I’ve realized that one song can change your life. I’ve realized how strong, potent, and intuitive I am. In a ton of ways, I’ve been realizing and learning to firmly stand in my power. I’ve also learned that I am totally capable of anything I decide to do. If I want to learn logic, I can do it. If I want to learn to produce, I can do it. If I want to write a children’s book, I can do it. If I want to write songs that sound like radio hits, I can do it. I’ve struggled for years with feeling “not good enough”, and often that’s the emotion that makes me give up on my dreams and goals. But through therapy, I’ve really learned to sit with and feel that emotion and work past it so I can progress and finish projects, and manifest my dreams and goals.
Q: What have you been missing most?
NJM: Just seeing people honestly. I’m home, but I rarely see anyone from my family but my mom and dad. I really miss my friends who are all over the globe. I also really miss traveling. Being still has been a wonderful spiritual exercise for me, since I’ve traveled so much in the past 10 years, but I have definitely come to terms with the fact that I am an adventurer at heart.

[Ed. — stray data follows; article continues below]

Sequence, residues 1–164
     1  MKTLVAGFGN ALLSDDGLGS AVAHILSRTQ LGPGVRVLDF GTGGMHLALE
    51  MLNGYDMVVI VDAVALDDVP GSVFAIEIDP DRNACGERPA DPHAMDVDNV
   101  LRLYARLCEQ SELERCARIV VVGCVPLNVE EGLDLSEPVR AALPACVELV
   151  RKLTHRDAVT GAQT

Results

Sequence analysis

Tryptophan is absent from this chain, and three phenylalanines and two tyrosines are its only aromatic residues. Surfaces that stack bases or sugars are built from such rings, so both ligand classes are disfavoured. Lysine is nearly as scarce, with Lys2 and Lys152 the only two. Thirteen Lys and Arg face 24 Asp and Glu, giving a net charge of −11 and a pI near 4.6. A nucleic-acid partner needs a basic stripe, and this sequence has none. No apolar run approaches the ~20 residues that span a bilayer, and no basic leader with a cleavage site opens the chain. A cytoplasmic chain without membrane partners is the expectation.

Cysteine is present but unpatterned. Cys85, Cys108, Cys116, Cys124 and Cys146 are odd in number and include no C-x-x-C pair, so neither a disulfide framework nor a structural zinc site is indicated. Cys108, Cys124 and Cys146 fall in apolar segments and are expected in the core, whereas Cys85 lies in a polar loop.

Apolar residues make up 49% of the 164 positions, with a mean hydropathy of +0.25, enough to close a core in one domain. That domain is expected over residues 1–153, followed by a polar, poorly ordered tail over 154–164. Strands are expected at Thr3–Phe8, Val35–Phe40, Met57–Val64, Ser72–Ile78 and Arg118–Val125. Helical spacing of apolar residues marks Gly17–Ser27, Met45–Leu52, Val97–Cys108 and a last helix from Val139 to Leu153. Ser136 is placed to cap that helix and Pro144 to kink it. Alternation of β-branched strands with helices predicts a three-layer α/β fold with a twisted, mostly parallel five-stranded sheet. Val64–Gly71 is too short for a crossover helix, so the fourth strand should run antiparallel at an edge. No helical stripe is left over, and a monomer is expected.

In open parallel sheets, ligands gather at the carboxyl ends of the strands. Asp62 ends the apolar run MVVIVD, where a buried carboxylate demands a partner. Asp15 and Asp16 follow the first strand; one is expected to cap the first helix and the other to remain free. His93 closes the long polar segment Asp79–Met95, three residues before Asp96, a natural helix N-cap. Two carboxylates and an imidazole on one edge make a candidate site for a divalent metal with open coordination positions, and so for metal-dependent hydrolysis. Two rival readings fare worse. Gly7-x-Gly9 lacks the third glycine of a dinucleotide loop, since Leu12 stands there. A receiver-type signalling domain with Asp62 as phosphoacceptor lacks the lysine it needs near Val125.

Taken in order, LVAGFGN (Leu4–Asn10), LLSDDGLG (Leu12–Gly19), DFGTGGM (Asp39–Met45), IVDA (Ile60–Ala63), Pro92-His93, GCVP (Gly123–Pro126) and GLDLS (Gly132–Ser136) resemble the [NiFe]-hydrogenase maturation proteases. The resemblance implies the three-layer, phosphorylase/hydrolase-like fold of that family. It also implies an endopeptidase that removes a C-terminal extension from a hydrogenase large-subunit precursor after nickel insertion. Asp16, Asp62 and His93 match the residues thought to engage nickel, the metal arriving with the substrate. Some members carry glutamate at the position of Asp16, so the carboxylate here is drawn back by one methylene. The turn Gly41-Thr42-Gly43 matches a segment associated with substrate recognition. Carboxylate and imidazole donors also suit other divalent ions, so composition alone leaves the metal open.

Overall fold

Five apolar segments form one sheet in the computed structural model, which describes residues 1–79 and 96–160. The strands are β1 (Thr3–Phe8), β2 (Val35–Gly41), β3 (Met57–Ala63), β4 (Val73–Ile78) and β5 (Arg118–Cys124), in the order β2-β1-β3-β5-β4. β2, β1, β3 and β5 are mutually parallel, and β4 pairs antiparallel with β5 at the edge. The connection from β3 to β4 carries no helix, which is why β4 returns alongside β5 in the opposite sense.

Q: What new music have you made?
NJM: I’ve been writing a lot over the past 2-3 months. I’m working on a lot of new dance tunes, but also working on a project called “songs to watch clouds to” which is more of a vanity project, but I’m honestly SO excited about it.
Q: Did you collaborate with anyone?
NJM: I’ve been working more with Hight and Quarterhead who I wrote “Head Shoulders” with, as well as Jonas Kroeper (Sam Feldt “Post Malone”), and Freedo (Chainsmokers “Takeaway”), among others on the dance/pop side. I wrote a really cool song with Alice Ivy from Australia that I can’t wait for everyone to hear.
As a writer for other artists, I’ve been working more with Girli, who is an artist that I’ve been helping to redevelop for over a year now with Max Mostley. She’s amazing, and her last single “Letter To My Ex” is one of my favorite songs I’ve ever been apart of. I’ve also loved working with TOMI and Talltale on the clouds project, as well as Brian West and Matthew Angus from Canadian indie band The Fast Romantics.
Q: Do you have any live streams coming up?
NJM: No I don’t, but I should do something like that sometime soon. I’m awful at social media. I honestly sometimes wish we could go back to the 90’s when it didn’t exist and we actually had to write physical letters to artists fan clubs.
Q: Anything you’d like to share with your fans?
NJM: Well, number one, COVID is real, please protect yourselves. Even if you don’t get it badly, you may pass it on to someone who will. Besides that, be kind and be vegan 🙂